Dec 8, 201210:00 AMPoint of View

Young Talent Shines

Young Talent Shines

Photo by Paul Clemence

It’s quite a challenge for young designers to break into the design world and establish themselves. But these days more and more manufacturers see the value of investing in fresh designs, both in new creations and the brand exposure that comes with fresh ideas sought by an increasingly sophisticated audience. One such opportunity is presented by the Design Performance projects of luxury manufacturer Fendi, at DesignMiami which, along with Art Basel is encamped in that Florida city til December 9. This year’s choice is the up and coming Belgian designer, Maarten de Ceulaer. I met Maarten earlier this year at the international BoomSPdesign forum in Sao Paulo, where he presented his elegant work, backed up by inventive manufacturing techniques. For instance, he employs real balloons to create molds for individually made plaster bowls. Between his inventiveness and creativity, he couldn’t have been a better choice for Design Performance.  I caught up with Maarten as he was preparing for the DesignMiami opening earlier this week. Here is some of our conversation.

Paul Clemence: How were you selected for this project?

Maarten de Ceulaer: Fendi had seen some of my designs at my gallery’s booth at DesignMiami in Basel and thought it was interesting. Then DesignMiami (which collaborates with Fendi on projects) included my name on a shortlist and I was fortunate enough to be the one selected. I think they saw that my work had a connection with similar ideas their brand stands for.

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Photo by Paul Clemence

PC: What were some of the guidelines you were given?

MC: The project was to be based on the company’s established visual language, which has a connection to a Modernistic aesthetic, graphically strong, with Bauhauslike modern patterns. And of course, on a project that could be developed as much as possible on site.

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Rendering by Maarten de Ceulaer

PC: So how did your idea develop?

MC: Well this year they wanted their famous Pequin motif to be part of the project. So the idea of striped was there and then I wanted to make them 3-D and give this flat image an object like quality. So we made these stripes into leather lined cushions that can then be applied to a variety of surfaces giving them many uses. A simple plank of wood can be covered with a selection of them and become a bench; a tree trunk become a day bed.

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Photo by Paul Clemence

PC: How was the relationship working with such established manufacturer? Were the project briefs strictly enforced?

MC: Well, I am used to working on projects I develop independently, so to be involved in something of this magnitude, with so many elements added to a usually free manufacturing routine was quite a change. But I was given carte blanche on my ideas and my vision was understood and appreciated.

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Photo by Paul Clemence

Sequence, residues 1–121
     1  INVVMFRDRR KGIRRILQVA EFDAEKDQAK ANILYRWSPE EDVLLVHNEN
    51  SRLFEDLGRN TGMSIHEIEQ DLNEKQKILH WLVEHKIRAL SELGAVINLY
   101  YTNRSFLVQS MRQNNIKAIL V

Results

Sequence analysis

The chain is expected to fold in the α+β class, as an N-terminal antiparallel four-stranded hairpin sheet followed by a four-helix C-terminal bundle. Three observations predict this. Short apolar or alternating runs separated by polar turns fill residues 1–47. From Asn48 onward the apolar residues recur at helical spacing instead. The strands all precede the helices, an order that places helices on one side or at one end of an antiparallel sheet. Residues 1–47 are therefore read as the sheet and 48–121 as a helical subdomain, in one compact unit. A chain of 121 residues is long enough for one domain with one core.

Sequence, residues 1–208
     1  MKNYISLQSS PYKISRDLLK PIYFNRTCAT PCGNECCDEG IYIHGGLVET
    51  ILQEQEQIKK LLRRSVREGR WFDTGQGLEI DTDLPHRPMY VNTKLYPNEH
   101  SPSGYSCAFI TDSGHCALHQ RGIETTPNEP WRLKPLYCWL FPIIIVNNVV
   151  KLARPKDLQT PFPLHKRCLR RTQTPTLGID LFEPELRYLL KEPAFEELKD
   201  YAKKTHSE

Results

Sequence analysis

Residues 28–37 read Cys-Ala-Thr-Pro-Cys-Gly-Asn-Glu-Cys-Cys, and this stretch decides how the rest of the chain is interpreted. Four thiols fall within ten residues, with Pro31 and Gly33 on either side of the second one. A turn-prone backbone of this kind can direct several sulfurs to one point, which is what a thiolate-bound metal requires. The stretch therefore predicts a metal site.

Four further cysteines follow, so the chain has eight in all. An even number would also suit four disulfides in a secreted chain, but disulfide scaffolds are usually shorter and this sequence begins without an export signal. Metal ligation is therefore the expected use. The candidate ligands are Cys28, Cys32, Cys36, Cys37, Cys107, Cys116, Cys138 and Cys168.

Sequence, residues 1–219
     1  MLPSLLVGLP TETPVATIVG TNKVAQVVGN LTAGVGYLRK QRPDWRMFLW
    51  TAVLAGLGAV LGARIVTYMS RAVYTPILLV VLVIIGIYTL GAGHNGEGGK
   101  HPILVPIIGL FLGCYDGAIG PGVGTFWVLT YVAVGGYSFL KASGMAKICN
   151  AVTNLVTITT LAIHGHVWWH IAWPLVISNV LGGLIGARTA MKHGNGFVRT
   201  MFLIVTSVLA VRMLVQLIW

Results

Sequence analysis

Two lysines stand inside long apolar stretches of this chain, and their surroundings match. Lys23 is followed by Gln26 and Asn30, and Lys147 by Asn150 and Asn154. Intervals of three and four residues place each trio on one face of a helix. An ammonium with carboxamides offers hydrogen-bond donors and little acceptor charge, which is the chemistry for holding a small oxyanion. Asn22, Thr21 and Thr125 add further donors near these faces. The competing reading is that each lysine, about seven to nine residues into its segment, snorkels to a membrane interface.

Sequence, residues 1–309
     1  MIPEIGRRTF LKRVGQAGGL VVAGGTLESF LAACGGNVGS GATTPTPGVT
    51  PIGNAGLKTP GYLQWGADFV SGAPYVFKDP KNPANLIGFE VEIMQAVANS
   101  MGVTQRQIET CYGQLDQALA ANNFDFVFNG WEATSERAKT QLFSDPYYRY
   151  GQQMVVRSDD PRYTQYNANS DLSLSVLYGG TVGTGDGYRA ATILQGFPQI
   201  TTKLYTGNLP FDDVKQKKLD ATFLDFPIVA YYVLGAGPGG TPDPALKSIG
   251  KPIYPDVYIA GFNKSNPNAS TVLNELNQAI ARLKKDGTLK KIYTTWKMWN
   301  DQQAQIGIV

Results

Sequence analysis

PC: What was the biggest challenge?

MC: Logistics. The project is a performance piece. But in order to be made on site, we had to have a lot of parts prepared and then shipped here. Not to mention find the right tree trunks that could fit with all of our designs.

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Photo by Paul Clemence

Such trunks were found and the result can be seen at the Fendi area inside DesignMiami tent. It's a simple idea, but its richness of applications gives it a flavor all its own. Wava Carpenter from DesignMiami who worked close with Maarten in developing the project had this to say, “It was quite challenging for a furniture designer to have a brief based on a two-dimensional expression. But Maarten was very creative in referencing the Fendi look in a 3-D installation that is interesting even outside the context of this particular program. He has a tremendous aptitude for clean, eye-catching designs.” Art and design events like this offer great opportunities for manufacturers to expand the boundaries of what they do, what they are known for. But if such projects are done for just for the sake of doing them, they become pointless experiments of self-promotion. Projects like this (aptly called “Transformations”) show that when well thought out, developed, and presented, this process could be a win-win situation where design comes out enriched.

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Photo by Paul Clemence

Paul Clemence is an award-winning photographer whose work is part of many collections, including the Mies van der Rohe Archives and housed by MoMA, New York.  He exhibits both in the U.S. and on the international fine art circuit, from classic B & W prints to large scale photo installations. A published author, his work can also be seen in major design and lifestyle publications. His “Architecture Photography” Facebook page receives over half a million hits monthly. Photographs by Paul Celemence.

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